My ancestors, to whom I pay tribute in this book, are Frederick York St Leger as the Saint, Dr William Guybon Atherstone, the Surgeon, and Mary Elizabeth Barber, the Unsung Botanist.
Each of these three people played a remarkable role in the history of the Eastern Cape. Dr Atherstone, who in 1828 was the District Surgeon of Grahamstown, performed the first operation under ether in the then British Commonwealth. He identified the first diamond discovered in Kimberley. Frederick York St Leger, a classical scholar, an Anglican minister and headmaster of St Andrews School, was the founder and first editor of the Cape Times. Mary Elizabeth Bowker collected botanical specimens throughout the Eastern Cape and, without any formal instruction, produced work of professional standards – birds, reptiles, plants and moths and butterflies. She had a life-long correspondence with Charles Darwin.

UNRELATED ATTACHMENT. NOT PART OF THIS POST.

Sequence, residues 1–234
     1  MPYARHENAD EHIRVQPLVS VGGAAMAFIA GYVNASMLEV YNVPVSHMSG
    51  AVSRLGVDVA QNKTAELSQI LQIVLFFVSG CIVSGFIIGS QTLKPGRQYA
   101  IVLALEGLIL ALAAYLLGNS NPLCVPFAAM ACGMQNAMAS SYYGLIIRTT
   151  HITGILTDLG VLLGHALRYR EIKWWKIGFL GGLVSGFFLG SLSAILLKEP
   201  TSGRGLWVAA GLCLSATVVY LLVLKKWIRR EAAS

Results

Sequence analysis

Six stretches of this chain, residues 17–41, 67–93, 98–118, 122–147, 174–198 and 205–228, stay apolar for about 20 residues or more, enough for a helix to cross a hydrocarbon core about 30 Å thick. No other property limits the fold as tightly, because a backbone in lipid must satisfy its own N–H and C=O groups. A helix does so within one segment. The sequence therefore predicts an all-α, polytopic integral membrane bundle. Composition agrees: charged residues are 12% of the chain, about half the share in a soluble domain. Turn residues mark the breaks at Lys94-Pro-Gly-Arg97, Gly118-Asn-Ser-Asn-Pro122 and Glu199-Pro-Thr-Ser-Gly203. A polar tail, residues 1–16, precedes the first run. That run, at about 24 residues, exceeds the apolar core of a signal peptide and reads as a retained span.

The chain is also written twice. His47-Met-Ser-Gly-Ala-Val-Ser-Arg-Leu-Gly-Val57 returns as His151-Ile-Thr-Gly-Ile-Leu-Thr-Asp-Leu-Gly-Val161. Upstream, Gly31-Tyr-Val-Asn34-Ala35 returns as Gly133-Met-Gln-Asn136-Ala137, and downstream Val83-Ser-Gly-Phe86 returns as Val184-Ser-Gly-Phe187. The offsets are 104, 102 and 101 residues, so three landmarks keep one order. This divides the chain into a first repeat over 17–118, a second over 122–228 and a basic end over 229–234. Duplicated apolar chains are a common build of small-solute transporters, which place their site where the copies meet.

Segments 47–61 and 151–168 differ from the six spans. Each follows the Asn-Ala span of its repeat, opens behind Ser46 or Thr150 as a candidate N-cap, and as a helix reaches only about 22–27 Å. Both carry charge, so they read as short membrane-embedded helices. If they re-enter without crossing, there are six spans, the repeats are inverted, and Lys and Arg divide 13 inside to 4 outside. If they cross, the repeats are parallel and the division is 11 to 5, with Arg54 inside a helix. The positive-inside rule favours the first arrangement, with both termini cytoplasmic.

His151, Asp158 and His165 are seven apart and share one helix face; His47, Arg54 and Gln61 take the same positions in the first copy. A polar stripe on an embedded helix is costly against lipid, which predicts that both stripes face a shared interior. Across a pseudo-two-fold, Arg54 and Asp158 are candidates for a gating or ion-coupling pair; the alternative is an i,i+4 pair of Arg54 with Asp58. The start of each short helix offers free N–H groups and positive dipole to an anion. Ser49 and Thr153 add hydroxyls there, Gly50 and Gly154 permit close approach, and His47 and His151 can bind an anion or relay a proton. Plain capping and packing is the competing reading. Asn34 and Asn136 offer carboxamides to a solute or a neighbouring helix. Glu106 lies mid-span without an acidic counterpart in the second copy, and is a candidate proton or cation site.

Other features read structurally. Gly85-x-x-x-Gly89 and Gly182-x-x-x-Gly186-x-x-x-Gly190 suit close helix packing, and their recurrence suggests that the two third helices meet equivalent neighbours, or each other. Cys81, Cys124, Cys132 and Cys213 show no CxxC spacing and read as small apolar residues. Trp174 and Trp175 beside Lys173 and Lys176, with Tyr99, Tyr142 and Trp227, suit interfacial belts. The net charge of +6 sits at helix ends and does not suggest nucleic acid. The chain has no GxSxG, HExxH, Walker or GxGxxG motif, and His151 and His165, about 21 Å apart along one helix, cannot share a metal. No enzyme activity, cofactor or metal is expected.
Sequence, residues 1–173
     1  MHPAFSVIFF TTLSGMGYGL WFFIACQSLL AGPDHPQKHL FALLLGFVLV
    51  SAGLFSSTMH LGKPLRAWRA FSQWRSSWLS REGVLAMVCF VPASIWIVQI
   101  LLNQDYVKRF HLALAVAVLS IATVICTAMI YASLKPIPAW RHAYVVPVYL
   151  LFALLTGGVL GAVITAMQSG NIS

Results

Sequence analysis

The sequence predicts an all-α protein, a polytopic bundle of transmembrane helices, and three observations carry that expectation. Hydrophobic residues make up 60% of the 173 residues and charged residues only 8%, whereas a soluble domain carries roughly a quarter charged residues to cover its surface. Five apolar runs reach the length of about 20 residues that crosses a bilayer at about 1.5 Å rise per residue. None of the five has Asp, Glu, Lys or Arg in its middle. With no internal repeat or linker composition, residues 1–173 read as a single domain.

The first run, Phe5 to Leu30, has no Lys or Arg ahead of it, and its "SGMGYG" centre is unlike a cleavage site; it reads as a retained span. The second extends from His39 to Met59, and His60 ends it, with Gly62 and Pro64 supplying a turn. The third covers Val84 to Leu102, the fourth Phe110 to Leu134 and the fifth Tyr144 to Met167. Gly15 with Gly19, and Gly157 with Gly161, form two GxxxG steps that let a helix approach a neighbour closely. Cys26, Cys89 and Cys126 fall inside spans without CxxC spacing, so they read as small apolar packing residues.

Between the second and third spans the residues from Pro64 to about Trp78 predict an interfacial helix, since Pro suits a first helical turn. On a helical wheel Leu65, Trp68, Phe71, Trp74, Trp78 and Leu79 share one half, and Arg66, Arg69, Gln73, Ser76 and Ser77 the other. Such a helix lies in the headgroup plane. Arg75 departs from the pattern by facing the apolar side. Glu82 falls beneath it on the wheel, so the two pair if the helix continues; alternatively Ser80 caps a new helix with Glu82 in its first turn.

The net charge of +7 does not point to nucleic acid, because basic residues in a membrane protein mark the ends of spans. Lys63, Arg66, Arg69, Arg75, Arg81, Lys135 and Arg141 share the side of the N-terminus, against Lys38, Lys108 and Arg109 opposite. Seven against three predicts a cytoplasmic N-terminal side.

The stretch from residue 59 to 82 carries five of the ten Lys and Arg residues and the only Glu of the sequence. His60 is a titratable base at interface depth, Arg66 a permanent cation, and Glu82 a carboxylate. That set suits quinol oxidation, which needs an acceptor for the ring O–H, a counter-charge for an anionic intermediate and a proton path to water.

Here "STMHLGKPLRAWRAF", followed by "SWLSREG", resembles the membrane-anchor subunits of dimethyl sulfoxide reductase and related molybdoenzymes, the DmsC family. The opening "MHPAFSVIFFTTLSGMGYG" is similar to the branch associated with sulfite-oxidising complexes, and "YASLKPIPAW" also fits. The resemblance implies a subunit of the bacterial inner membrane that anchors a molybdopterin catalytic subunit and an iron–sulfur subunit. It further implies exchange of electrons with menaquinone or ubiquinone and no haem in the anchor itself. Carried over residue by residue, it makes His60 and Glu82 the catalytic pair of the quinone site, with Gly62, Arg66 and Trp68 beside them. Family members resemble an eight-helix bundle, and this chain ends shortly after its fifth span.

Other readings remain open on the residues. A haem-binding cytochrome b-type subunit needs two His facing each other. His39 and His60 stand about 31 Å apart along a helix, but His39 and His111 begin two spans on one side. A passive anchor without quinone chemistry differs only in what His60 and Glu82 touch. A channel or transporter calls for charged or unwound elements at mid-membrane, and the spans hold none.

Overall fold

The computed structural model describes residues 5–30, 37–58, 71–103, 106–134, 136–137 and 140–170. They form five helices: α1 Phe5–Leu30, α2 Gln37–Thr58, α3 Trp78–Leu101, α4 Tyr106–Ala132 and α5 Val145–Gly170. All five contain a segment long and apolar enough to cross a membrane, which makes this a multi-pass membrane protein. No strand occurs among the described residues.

My narrative starts with the artist, Thomas Barber, a portrait painter of such esteem that in 1873, 50 years after his death, an exhibition of his work was held in Nottingham Castle. He was a celebrated figure and executed portraits of the noble families in the English Midlands. The scene shifts to the 1820 Settlers, Miles Bowker, William Cock and the Frontier Wars. Hugh Barber emigrated to the Cape and his son, Hilton, became a prominent sheep farmer and race-horse breeder in Cradock. Fred and Hal Barber were hunters and adventurers and gave their name to the town of Barberton. The book is a well-researched chronicle of an era of stalwarts who made an impressive impact to the lives of those that followed.